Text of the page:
internet and on-demand services like Netflix, Hulu,
HBO and Amazon. But… it has become widely formulaic. Most modern shows follow an almost mechanical
approach in terms of pacing and narrative structure
that audiences have become somewhat complacent and hard to *really* surprise. You know what you’re gonna get and you know
what to expect, even down to things like plot-twists and…
ugh… cliffhangers. Yeah. Even the most popular and critically acclaimed
television shows of all time have become, in many ways, extremely predictable
in terms of pacing and delivery – because producers seem to have figured out
‘what works’ in order to keep an audience glued to the
screen. And they obey that path. Mostly, of course. And we… keep watching. These days not just at home, but basically
wherever we go – with out notebooks and tablets and smartphones…. “David Lynch: Now if you’re playing the movie
on a telephone you will never, in a trillion years, experience
the film. You’ll think you have experienced it,
but you’ll be… cheated! It’s such a sadness. That you think you’ve seen a film…
on your *fucking* telephone! Get real! And we keep following season after season,
hoping for some kind of tacit, undefined bliss, but most of the times… we never get there. We only get the next cliffhanger. And the next. And the next. And we keep binging. Until we’ve long forgotten how we got here
in the first place. This… is us. Sitting in our rooms, on a couch that’s arranged
towards the one thing we keep staring at for hours on end. The glass box that comes with the unspoken
promise of some undisclosed form of “something” to
happen… that makes a difference. Everything in this room makes it abundantly
clear that the glass box is the absolute center
of our attention – of our lives. All the other stuff is just meaningless rubbish
that we don’t really need. Aside from lots and lots of data storage
– that for some reason belongs to an “unknown” billionaire who,
for more.. reasons unknown, wants us to keep watching – keep staring…
at the glass box. Think about it – this is literally a “box”
with a hole – a camera obscura. And the camera basically has become our window
through which we see the outside world. We’ve become more and more… lonely and isolated. We cannot really leave and intuitively feel
that it’s best if we let no one in. But if we do “let our social guard down” once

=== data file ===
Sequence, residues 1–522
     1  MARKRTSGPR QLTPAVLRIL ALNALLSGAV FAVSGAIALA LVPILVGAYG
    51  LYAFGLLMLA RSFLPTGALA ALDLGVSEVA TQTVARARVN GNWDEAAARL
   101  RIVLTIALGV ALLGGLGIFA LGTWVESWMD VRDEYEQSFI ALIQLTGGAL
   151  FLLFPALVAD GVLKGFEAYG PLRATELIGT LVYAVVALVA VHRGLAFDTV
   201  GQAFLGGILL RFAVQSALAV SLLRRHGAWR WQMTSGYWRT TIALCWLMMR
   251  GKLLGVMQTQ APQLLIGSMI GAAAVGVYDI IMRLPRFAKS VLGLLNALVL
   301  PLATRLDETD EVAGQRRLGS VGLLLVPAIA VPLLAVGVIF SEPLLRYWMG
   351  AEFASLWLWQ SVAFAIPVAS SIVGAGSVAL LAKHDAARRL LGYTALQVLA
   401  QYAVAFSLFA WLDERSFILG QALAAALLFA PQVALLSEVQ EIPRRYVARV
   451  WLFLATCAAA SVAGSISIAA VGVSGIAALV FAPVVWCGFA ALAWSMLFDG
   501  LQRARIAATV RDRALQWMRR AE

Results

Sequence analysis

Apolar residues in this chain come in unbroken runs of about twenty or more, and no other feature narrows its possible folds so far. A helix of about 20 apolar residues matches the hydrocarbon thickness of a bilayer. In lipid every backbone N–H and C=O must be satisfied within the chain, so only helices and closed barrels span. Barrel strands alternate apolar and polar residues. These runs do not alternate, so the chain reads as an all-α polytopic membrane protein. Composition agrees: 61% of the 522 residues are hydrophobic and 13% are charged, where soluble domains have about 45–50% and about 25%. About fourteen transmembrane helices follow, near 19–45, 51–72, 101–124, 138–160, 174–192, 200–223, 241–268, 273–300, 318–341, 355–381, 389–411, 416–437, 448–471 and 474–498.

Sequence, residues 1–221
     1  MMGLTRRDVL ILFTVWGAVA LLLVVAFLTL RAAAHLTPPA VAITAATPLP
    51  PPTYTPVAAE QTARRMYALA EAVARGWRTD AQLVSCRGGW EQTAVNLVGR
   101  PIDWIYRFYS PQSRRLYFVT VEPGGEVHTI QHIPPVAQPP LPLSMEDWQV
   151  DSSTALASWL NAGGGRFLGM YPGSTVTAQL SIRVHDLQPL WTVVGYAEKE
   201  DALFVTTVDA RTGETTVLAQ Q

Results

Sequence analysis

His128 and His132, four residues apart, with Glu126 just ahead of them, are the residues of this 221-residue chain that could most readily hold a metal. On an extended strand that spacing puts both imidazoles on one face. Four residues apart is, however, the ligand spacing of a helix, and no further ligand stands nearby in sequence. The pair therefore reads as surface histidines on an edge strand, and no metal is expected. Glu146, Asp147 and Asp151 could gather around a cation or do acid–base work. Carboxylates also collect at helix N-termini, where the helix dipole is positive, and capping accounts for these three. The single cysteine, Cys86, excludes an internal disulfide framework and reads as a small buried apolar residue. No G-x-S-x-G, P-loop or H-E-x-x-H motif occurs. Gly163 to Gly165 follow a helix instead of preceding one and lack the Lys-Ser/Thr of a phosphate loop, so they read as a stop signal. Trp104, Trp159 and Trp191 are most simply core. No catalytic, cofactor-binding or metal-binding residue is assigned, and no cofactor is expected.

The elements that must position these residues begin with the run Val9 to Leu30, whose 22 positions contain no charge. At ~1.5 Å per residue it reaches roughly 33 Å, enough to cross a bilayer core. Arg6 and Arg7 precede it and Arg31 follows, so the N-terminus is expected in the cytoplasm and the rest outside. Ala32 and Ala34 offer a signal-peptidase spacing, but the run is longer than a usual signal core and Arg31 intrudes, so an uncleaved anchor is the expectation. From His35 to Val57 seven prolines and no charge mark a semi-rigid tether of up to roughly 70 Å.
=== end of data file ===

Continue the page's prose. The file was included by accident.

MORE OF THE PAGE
in a while, then what do we do when we stare at the box..
together. We embed it into our social life,
we build it around the box. … we… have sex. Or it is called these days:
We “Netflix and chill.” Getting together to binge TV series has turned
into a social phenomenon – using the sedative and droning nature of
TV entertainment as a segue – or a bridge to build romantic relationships. It’s so commonplace that it has turned into
a fucking meme! So here we are. Dale Cooper has been locked away for 25 years
in the black lodge and we’ve turned into lonely drones of modern
media entertainment in the meantime. BUt… at least we’re still having coffee,
right? “I brought us two lattes again!” “Well….” Welp, but even here… it is no longer
“Cooper: Black as midnight on a moonless night!” “Pete: Pretty black!” We drink syrupy lattes from one of the uncountable
Starbucks derivatives, served in soulless paper cups. Things have truly changed… haven’t they… And now… the conclusion. After hundreds of TV shows that have all followed
in the footsteps of Twin Peaks in one way or another
and after countless films, books, shows, video games
that have taken open and loving inspiration from the iconic and enigmatic storytelling-style
of David Lynch… This… is none other than he himself… the
director, the maker.. trying to shake us awake from our somnambulistic
television habits… by literally shattering the 4th wall and jumping
in the face of the audience saying: “Listen kiddos. It’s nice what you’ve done here while I was
away. Like, I really appreciate it. But now Papa’s back, so please step aside. You all know you’ve been waiting for something
to happen without really knowing what –
so… so here’s what I have for you. It’s not gonna be what you expect –
but I promise if you don’t look away and pay attention…
it is gonna … tear you apart!”